Angel Di Maria’s inaugural season at Manchester United began with immense excitement but ended in failure. A Champions League winner and World Cup finalist, the £59.7 million superstar was expected to wreak havoc under Louis van Gaal.
The Argentine’s arrival belied the accepted notion of big players always electing to go to Champions League clubs, and his home debut belied the balderdash United fans had recently become accustomed to under a certain Scottish bloke the year before.
It was a home debut of astronomical proportions, one that almost single handedly awoke the club from its acrimonious post-Fergie slumber.
But that was as good as it got for Di Maria. Injury, form, personal issues, and bizarre formation changes have blemished his first season in England. Many have written off ‘Fideo’. Some have even questioned whether the midfielder deserves to be at Old Trafford next season.
United’s marquee signing has so far been largely peripheral to anything positive under Louis van Gaal, instead playing the role of an edgy, expensive misfit who at times resembles a young boy desperately lost in IKEA.
In a summer of excruciating football deprivation, Argentina’s Copa America game against Paraguay was blissful for two reasons: firstly, Argentina won 6-1, and I, as a neutral, have a strange obsession with watching a team get pumped. Secondly, and, most importantly, Di Maria was looking like his ominous best again – scoring twice and assisting once.
It was a performance that evoked memories of that mild Sunday afternoon back in September, with Di Maria effervescent in a dangerous syndicate of attacking bravado. This lachrymose IKEA dweller was suddenly gone.
Di Maria did enjoy a rip-roaring start at United. He followed up his blistering home debut with a stupendous goal against Leicester, running West Ham all over the place the week after, scoring in the win against Everton, and playing a big role in the win at the Emirates before injuring himself at home to Hull in late November.
This injury signalled an end to Di Maria’s tenacious form; his usual potency and threat disappeared under Louis van Gaal for the rest of the season. Several substandard performances on his return led to United’s record signing being consigned to the bench.
His red card in the FA Cup defeat to Arsenal was a fitting nadir for a player who had promised so much but delivered so little.
Watching Di Maria struggle with Premier League football last season was arguably worse than being subjected to those ghastly 3-5-2 performances, or even watching Phil Jones take corners.
That was because United had something special and nothing came of it. Not only is Di Maria the finest player at Louis van Gaal’s disposal, he has the conviction to single handedly turn games – an asset United miserably lacked last season during dry spells.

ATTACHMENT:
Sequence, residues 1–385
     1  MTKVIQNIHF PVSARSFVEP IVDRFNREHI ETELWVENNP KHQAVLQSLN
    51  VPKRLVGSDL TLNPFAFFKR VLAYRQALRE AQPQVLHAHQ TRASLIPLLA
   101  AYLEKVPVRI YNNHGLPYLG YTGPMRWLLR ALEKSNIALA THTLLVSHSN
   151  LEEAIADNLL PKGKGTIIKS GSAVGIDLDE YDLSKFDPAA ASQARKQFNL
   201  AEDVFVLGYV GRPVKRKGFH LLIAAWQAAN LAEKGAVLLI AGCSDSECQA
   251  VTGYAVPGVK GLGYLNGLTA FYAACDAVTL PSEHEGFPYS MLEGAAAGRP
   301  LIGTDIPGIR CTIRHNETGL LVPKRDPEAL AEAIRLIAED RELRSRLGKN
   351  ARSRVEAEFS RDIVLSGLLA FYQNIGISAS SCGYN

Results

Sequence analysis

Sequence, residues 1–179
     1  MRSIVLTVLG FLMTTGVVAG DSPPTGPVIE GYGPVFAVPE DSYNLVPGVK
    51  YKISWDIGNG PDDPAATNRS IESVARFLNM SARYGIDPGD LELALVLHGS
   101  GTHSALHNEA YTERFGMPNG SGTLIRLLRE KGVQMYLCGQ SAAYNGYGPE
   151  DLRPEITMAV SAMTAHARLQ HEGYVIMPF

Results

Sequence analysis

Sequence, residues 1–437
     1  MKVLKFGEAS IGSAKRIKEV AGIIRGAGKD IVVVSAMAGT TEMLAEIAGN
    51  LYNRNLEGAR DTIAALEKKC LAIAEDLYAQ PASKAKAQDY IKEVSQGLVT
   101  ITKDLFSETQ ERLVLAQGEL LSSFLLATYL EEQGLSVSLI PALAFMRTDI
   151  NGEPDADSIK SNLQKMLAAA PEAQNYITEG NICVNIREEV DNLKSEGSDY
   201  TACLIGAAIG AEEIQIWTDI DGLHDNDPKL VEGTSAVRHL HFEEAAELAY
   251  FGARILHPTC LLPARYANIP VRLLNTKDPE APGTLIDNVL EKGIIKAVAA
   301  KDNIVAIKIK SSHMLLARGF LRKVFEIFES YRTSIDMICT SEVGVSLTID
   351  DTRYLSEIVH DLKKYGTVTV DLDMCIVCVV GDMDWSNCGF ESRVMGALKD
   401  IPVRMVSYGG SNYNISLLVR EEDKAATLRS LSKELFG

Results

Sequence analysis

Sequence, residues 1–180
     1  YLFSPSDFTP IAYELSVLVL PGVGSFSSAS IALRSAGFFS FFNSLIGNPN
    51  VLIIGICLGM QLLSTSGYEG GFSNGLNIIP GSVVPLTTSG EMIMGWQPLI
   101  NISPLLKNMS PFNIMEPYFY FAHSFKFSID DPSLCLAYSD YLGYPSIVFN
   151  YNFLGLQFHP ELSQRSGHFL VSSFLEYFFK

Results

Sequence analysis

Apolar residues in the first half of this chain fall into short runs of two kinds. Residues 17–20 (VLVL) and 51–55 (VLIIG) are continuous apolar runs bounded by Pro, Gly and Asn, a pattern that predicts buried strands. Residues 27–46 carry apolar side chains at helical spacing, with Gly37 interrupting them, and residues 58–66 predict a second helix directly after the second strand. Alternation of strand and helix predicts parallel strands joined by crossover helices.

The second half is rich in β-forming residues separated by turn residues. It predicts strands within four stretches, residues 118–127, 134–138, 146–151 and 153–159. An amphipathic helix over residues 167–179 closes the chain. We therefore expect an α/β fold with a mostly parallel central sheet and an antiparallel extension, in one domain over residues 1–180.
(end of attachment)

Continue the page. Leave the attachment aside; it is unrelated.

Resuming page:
But despite being exactly what United need, Di Maria couldn’t have an impact on this episodically exciting team.
The Argentine was understandably overawed by the brutality of English football. But it was by no means the first time a La Liga import has suffered at the hands of the Premier League’s unprecedented physicality and speed.
In fact, Di Maria’s substandard season comes as no surprise; marred by hamstring, calf and pelvis injuries from November onwards, the midfielder has suffered at the hands of Louis van Gaal’s unpredictable methods in his first season as manager.
By playing in obscure positions in even more obscure formations in an alien culture, alongside being a victim of a burglary in January, Di Maria has momentarily lost that resolve which saw him dance through Atletico players in the Champions League final just a year ago.
The question we must now ask is this: how will Di Maria respond?
Can he ease into English football and manifest the same level of skill that previously ensured his place amongst the world’s elite attacking midfielders, or will he continue to retreat into his shell when the going gets tough, subsequently subsiding into pitiful mediocrity and sporadic appearances from the bench?
Only time will tell. But if Monday night was anything to go by, United fans can be confident of the former prevailing.
We saw glimpses of what Di Maria was capable of in his first season; that goal against Leicester, that mazy 70-yard dribble against Arsenal at the Emirates, his perfectly executed assist for Mata’s second at Anfield. It was there. That uniquely delicate attacking verve was there, but only in very small doses.
In his first full season at the club, the difference between being title challengers and fleeting members of another languid battle for 3rd spot could be Di Maria.
The midfielder is an irresistible force who, at his very best, can win games for his team. If Di Maria can sustain what he showed glimpses of last term (and in the Copa America) in the upcoming year, United will be an ominous prospect going forward.
Easier said than done. The Argentine has to compete with a plethora of attacking talent that excelled without him last season. Trying to avoid injury and, most decisively, acclimatise to the frenzy of the Premier League, is a testing prospect.
Di Maria endured a rocky start at Real Madrid in a fashion tantamount with his current predicament at United. Questions were asked about the midfielder but he duly responded in explosive fashion, going on to win numerous honours with the club.
Under the piercing lights of an expectant Old Trafford, Di Maria needs to do the same next year.